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Use Technology To Manage Your Expats

December 1, 1995
Related Topics: Featured Article, Technology
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Michael Merrill eats at his desk a lot these days. With more than 500 expatriates in 18 international locations under his wing-about 400 of whom can switch locations in a given year-his hands are full. Merrill, international personnel director for New York City-based Goldman Sachs & Co., isn't alone. Human resources executives like Merrill, responsible for expatriate administration, face many hurdles. Among them: recruitment, relocation, cultural adaptation, compensation, taxation, communication and repatriation. All this on top of the regular roles expected of a human resources executive.

Merrill and others also face unique financial challenges. Some experts estimate the cost of sending representatives across the globe is several times higher than for a locally-based employee. Careful planning is essential to ensure the benefits of sending an executive overseas justify the expense. Hence, information technology may be a salve that helps soothe the pain. Whether it's used for global orientation, training, financial planning or just plain communication, technology can make expatriate administration a more efficient work experience.

Combine the human factor with technology.
Computers aren't a miracle drug. They're effective only if your strategy simultaneously addresses the human element. Global HR managers must first ask the right questions. "Too often expatriate assignments are unsuccessful because [HR doesn't] zero in on the right things," says Calvin Reynolds, senior counselor at New York City-based Organization Resources Counselors.

Reynolds says that for an expatriate assignment to succeed, the company really needs to look at core competencies and language skills, but must also carefully evaluate whether the expatriate has the essential interpersonal skills and actually wants to go.

Merrill agrees. "Managers tend to have an idealized view of expatriate assignments," he says. "They don't realize expatriates usually make sacrifices, particularly if they have families." Technology, therefore, can play a role in easing this transition. A growing number of companies are entering the field of cross-cultural training. For example, ITAP International-a Princeton, New Jersey-based firm that specializes in consulting, training and developing products for expats-is introducing a series of interactive diskettes to help employees and their families prepare for relocation. Working with the diskettes, expatriates can explore the history, culture and business protocols of the 10 largest emerging global markets: China, India, South Korea, Indonesia, Mexico, Brazil, Argentina, Turkey, Poland and South Africa.

"Interactive disks allow expatriates to absorb the information at their own pace and seek answers to the questions relevant to them at the time," says Kathy Mendes, ITAP international director of marketing. To complement the technology, ITAP also offers the KIT™-a package containing maps, books, articles, safety tips and health profiles of the destination country.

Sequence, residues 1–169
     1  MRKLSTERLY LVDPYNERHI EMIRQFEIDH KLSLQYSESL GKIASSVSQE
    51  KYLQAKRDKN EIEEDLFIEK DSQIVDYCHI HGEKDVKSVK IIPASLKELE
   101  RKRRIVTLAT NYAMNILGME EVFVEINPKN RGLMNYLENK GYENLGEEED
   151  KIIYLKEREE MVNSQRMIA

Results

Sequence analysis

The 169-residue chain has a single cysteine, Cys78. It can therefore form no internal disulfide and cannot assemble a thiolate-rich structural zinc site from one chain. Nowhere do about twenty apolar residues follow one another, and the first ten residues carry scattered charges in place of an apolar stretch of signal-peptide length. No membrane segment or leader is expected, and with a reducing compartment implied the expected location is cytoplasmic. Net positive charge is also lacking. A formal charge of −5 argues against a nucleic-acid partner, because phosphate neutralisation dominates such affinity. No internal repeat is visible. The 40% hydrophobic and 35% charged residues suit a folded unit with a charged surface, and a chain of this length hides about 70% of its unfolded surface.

Chicago-based Bennett Associates is another cross-cultural training firm. It uses videoconferencing as one element in its training programs. Within its training rooms, expatriates can meet local experts in the destination country. Heidi O'Gorman, director, business development, says this method gives the potential expatriate a unique perspective: "Teleconferencing works well because the person converses with someone who's actually working and living in the country," she says.

However, O'Gorman is quick to point out that technology is only one element in the training process. "Technology is excellent for research and for connecting people around the globe, but the trainer-participant relationship is vital to cross-cultural training. There's no substitute for face-to-face interaction."

Ensure careful financial planning.
Beyond the cultural factors, technology is a vital component in forecasting overall costs, keeping records and projecting tax adjustments. Goldman Sachs' international personnel group uses an internally developed modeling tool to determine whether a manager can afford to send an employee to another country. The system translates factors such as current salary, estimated total compensation, family size, tax status, nationality and destination into a series of projections: pay, allowances, housing, education and home leave. The end result is a clear picture of net pay to the employee and net cost to the firm.

"Members of our group can sit down with an employee to discuss his or her questions and concerns, and walk through the various what if scenarios. This use of technology allows us to be clear and accurate up front, to reduce uncertainty so no uncomfortable and costly surprises emerge later on," says Merrill.

Goldman Sachs also uses its technology system for ongoing budget projections. Every financial quarter, it feeds expatriates' data through the model to help managers forecast the cost of keeping each person in the host country. Technology also allows controllers to account for international expenses accurately. At year-end, HR can translate the projections into actual figures for the subsequent year.